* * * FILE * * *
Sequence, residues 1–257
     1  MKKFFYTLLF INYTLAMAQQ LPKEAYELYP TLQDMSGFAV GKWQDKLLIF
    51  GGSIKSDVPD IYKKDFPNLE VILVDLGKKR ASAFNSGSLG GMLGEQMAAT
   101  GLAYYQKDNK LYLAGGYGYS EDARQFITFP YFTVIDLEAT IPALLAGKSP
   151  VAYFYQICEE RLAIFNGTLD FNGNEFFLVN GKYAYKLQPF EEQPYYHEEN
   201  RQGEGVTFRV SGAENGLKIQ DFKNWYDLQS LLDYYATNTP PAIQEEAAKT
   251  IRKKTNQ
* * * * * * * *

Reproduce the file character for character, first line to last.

Sequence, residues 1–257
     1  MKKFFYTLLF INYTLAMAQQ LPKEAYELYP TLQDMSGFAV GKWQDKLLIF
    51  GGSIKSDVPD IYKKDFPNLE VILVDLGKKR ASAFNSGSLG GMLGEQMAAT
   101  GLAYYQKDNK LYLAGGYGYS EDARQFITFP YFTVIDLEAT IPALLAGKSP
   151  VAYFYQICEE RLAIFNGTLD FNGNEFFLVN GKYAYKLQPF EEQPYYHEEN
   201  RQGEGVTFRV SGAENGLKIQ DFKNWYDLQS LLDYYATNTP PAIQEEAAKT
   251  IRKKTNQ